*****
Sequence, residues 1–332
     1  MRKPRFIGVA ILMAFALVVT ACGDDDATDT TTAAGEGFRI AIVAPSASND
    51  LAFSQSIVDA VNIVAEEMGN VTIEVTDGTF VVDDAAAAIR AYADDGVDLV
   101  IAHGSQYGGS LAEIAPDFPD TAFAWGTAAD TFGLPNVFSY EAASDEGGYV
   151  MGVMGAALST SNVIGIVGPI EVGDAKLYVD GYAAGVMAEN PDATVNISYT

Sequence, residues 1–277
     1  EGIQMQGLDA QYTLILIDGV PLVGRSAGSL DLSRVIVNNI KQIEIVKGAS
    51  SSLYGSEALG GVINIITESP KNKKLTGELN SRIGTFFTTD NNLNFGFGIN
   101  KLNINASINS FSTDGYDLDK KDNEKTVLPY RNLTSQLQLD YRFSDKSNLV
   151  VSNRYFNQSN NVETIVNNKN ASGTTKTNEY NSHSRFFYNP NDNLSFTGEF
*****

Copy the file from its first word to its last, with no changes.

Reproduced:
Sequence, residues 1–332
     1  MRKPRFIGVA ILMAFALVVT ACGDDDATDT TTAAGEGFRI AIVAPSASND
    51  LAFSQSIVDA VNIVAEEMGN VTIEVTDGTF VVDDAAAAIR AYADDGVDLV
   101  IAHGSQYGGS LAEIAPDFPD TAFAWGTAAD TFGLPNVFSY EAASDEGGYV
   151  MGVMGAALST SNVIGIVGPI EVGDAKLYVD GYAAGVMAEN PDATVNISYT

Sequence, residues 1–277
     1  EGIQMQGLDA QYTLILIDGV PLVGRSAGSL DLSRVIVNNI KQIEIVKGAS
    51  SSLYGSEALG GVINIITESP KNKKLTGELN SRIGTFFTTD NNLNFGFGIN
   101  KLNINASINS FSTDGYDLDK KDNEKTVLPY RNLTSQLQLD YRFSDKSNLV
   151  VSNRYFNQSN NVETIVNNKN ASGTTKTNEY NSHSRFFYNP NDNLSFTGEF